Photo via FedEx Facebook page
Why is the government filing charges against parcel delivery and trucking giant FedEx?
That is the key question said the investment firm Stifel in a note to investors following FedEx disclosing last week it had been indicted by the federal government for allegedly engaging in unlawful distribution of controlled substances.
The U.S. Justice Department filed the charges, following a multiyear investigation by the Drug Enforcement Administration and the Food and Drug Administration, accusing FedEx of knowingly and intentionally delivering drugs to dealers or addicts and for delivering unregistered or unprescribed pharmaceuticals for affiliates of pharmacies, doctors, and owners convicted of illegal distribution of drugs.
The company reportedly asked DEA officials to furnish a list of banned shippers, which the agency did not produce.
“Under Title 21 U.S. Code, Controlled Substances Act, the operative words are ‘knowing’ and ‘intentional’, and we believe FedEx lacked the appropriate scienter [a legal term that refers to intent or knowledge of wrongdoing] under this standard of liability, said Stifel Transportation & Logistics Research Group Managing Director David G. Ross.
He said UPS settled a similar case last year for $40 million, and “while any similar liability amount at FedEx should be dismissed by investors as one-time in nature, the precedent effect for compliance and inspection to curtail small-time users, in our view, could add meaningful costs and delays to an already-overburdened U.S. transportation network.”
FedEx said it innocent of the charges and will plead not guilty.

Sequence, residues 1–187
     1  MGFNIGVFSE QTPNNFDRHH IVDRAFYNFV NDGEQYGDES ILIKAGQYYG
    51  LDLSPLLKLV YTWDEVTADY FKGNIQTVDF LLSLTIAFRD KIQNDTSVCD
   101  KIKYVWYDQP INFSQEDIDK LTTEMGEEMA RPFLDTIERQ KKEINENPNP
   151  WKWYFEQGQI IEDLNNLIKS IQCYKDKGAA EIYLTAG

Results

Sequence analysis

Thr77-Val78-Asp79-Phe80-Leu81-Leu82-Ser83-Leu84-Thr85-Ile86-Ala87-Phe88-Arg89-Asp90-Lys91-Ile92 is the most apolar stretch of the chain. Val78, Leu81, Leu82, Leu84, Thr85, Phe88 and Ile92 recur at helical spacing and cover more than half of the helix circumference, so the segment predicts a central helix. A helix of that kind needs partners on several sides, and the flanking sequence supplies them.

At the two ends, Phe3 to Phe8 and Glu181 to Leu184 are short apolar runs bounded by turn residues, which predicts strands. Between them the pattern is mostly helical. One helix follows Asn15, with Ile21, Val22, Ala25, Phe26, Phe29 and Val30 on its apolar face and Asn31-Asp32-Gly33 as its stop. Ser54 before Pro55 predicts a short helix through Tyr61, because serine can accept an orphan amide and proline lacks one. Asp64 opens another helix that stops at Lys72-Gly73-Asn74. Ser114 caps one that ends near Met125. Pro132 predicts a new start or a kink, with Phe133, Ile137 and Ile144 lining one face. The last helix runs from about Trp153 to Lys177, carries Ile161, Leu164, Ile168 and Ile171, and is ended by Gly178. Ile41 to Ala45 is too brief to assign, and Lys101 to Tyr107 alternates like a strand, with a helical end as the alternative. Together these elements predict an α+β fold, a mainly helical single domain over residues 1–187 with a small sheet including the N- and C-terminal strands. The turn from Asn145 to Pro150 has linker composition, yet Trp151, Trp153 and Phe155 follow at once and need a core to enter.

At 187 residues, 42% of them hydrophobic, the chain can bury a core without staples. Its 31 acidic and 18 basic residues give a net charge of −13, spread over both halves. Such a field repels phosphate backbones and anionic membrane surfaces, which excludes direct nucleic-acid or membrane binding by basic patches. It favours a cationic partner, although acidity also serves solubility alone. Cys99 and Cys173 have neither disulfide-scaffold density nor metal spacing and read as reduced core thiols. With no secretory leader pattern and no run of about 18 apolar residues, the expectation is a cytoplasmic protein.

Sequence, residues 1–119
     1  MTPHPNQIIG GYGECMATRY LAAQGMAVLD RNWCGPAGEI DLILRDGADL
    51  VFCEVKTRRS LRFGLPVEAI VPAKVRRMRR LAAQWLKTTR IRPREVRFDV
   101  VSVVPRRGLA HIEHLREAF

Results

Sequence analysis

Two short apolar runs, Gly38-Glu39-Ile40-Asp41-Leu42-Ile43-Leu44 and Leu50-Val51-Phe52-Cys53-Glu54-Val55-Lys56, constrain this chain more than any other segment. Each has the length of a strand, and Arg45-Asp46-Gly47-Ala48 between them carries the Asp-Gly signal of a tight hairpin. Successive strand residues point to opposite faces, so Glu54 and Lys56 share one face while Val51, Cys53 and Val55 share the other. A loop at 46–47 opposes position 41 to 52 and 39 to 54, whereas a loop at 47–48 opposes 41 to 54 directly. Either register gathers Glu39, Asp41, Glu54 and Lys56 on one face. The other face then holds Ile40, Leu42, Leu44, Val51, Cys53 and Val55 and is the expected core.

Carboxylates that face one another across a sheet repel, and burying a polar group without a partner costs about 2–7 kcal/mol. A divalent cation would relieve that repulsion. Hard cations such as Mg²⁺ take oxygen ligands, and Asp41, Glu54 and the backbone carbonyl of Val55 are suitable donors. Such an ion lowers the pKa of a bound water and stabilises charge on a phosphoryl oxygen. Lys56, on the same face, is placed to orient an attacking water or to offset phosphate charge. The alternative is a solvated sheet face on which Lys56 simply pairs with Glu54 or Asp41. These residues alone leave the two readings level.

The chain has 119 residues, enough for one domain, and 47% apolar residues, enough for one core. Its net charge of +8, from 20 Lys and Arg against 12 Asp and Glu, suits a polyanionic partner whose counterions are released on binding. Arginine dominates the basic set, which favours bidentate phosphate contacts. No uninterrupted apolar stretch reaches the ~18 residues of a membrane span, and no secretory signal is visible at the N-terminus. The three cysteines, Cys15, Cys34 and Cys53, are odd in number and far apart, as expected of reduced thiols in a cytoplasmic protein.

“We want to be clear what’s at stake here: the government is suggesting that FedEx assume criminal responsibility for the legality of the contents of the millions of packages that we pick up and deliver every day,” FedEx said in a statement. “We are a transportation company. We are not law enforcement. We have no interest in violating the privacy of our customers. We continue to stand ready and willing to support and assist law enforcement. We cannot, however, do the job of law enforcement ourselves.”
The DOJ indictment alleges that FedEx knowingly and intentionally engaged in illegal distribution, as evidenced by reports of delivery requests to vacant lots or jumping onboard FedEx trucks and demanding medication,” said Ross. “In our view, these incidents are not a prima facie evidence of illegal drug shipments”
He pointed out “the company's response of holding addressed packages for pickup does not seem unreasonable to us as a means of protecting customer privacy and driver safety and is often carried out with undeliverable or sensitive goods. It also does not suggest, that FedEx knowingly or unreasonably turned a blind eye to unlawful shipments. Especially where packages containing regulated substances are unlabeled or improperly labeled, requiring broad-based inspection is not only detrimental to customer privacy but could also degrade service levels and increase costs.”
According to Ross it is impossible to know the potential impact of liability or legal settlement, but Stifel believes it likely to be relatively immaterial.
“The more significant potential impact, in our opinion, is a higher regulatory/compliance burden on transportation providers,” he said. “Without sharper regulatory guidelines, imputing liability for failing to generally determine the contents of a package could be a slippery slope.”